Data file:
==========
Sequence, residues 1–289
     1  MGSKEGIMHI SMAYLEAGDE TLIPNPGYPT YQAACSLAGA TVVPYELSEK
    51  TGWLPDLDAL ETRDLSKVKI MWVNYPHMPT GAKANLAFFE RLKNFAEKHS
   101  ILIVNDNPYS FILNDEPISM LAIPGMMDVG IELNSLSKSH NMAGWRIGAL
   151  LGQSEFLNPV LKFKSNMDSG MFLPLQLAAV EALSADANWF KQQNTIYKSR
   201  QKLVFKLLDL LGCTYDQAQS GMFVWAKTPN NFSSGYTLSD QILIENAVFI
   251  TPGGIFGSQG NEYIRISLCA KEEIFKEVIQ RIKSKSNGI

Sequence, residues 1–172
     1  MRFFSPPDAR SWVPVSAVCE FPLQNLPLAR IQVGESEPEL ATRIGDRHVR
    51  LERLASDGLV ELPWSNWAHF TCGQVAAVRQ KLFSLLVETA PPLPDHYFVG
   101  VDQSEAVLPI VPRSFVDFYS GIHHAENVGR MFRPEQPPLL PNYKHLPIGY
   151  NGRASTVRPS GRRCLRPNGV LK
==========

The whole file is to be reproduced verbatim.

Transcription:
Sequence, residues 1–289
     1  MGSKEGIMHI SMAYLEAGDE TLIPNPGYPT YQAACSLAGA TVVPYELSEK
    51  TGWLPDLDAL ETRDLSKVKI MWVNYPHMPT GAKANLAFFE RLKNFAEKHS
   101  ILIVNDNPYS FILNDEPISM LAIPGMMDVG IELNSLSKSH NMAGWRIGAL
   151  LGQSEFLNPV LKFKSNMDSG MFLPLQLAAV EALSADANWF KQQNTIYKSR
   201  QKLVFKLLDL LGCTYDQAQS GMFVWAKTPN NFSSGYTLSD QILIENAVFI
   251  TPGGIFGSQG NEYIRISLCA KEEIFKEVIQ RIKSKSNGI

Sequence, residues 1–172
     1  MRFFSPPDAR SWVPVSAVCE FPLQNLPLAR IQVGESEPEL ATRIGDRHVR
    51  LERLASDGLV ELPWSNWAHF TCGQVAAVRQ KLFSLLVETA PPLPDHYFVG
   101  VDQSEAVLPI VPRSFVDFYS GIHHAENVGR MFRPEQPPLL PNYKHLPIGY
   151  NGRASTVRPS GRRCLRPNGV LK